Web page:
Getting out the vote - in Paris' poorest suburbs

They're all at it - Nicolas Sarkozy in his big speech yesterday in the traditionally working class city of Marseille, Marine le Pen in front of a blue collar audience in Lille, François Hollande visiting a series of rundown estates this week. They're all trying to appeal to ordinary people, trying to convince those who can't quite make it to the end of the month that they are top of politicians' minds. This is a consequence of the economic crisis, of course; the discourse of aspiration and being relaxed about a few individuals acquiring vast wealth looks much less tempting now than it did at the last election in 2007. "Work more to earn more" doesn't play well when there are no jobs - what people want to hear instead is that candidates will help keep their electricity bills down.

In some parts of France, though, poverty and unemployment are not a consequence of the current crisis - they're ingrained social problems that decades of changing administrations on right and left have done little to tackle. These are France's banlieues - the mostly 1960s built sink estates forming a doughnut of deprivation around big cities, especially Paris. Here, unlike in Britain and America, the inner cities are desirable middle class areas; the poor have been pushed out, out of sight and out of mind.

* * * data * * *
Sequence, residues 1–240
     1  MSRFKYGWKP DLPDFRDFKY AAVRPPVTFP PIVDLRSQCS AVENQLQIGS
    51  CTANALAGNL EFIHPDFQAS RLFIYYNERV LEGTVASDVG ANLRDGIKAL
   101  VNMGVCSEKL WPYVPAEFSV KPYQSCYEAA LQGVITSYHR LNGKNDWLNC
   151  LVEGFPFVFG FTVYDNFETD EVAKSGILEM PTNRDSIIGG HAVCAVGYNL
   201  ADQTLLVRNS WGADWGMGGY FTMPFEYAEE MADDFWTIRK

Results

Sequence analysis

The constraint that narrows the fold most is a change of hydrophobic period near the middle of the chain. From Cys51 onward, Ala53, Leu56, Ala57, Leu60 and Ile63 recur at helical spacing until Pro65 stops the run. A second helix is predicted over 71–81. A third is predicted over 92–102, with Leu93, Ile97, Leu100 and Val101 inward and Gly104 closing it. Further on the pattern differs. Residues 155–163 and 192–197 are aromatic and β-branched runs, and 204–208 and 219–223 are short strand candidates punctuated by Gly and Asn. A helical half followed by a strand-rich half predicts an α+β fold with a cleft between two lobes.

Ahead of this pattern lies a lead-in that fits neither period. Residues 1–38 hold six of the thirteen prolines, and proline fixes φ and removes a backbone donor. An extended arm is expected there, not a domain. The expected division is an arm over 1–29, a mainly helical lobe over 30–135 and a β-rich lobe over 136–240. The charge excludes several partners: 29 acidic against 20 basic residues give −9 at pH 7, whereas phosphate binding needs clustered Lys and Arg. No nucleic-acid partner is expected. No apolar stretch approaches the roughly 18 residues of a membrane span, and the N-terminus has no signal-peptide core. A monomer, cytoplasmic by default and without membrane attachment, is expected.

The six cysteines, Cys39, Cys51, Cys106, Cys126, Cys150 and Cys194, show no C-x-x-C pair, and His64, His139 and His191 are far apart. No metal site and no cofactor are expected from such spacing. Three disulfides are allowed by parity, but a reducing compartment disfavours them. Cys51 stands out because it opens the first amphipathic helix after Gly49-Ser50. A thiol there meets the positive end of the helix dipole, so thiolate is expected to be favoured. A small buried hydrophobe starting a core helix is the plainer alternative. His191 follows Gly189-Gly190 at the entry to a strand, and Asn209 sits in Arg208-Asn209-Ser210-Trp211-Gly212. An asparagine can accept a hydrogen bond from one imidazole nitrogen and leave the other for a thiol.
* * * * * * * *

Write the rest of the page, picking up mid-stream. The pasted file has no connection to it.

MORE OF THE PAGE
A succession of surveys has shown that voters here feel disconnected from the political process; turnout is low and residents commonly feel ignored by both the right and left, as the years go by, governments change and problems like poor housing are not dealt with. At this election, this rejection of the main political parties might also translate into a high vote for left-wing candidate Jean-Luc Melenchon, and among white voters for Marine le Pen; both have worked hard to paint themselves as outside the political establishment. This 'anti-system' rhetoric is perceived as playing so well with working class voters, in fact, that virtually all the candidates are jumping on the bandwagon - centrist François Bayrou, François Hollande, and even somewhat implausibly Sarkozy himself, with his attack on 'elites' made up of elected officials and unionists at the weekend. 

Is this populism working, though? I went out canvassing with the local socialists in the Paris suburb of Evry this weekend to find out.



A longer TV version of this report will be on France24 at 9:50 am Paris time tomorrow, Tues Feb 21st.

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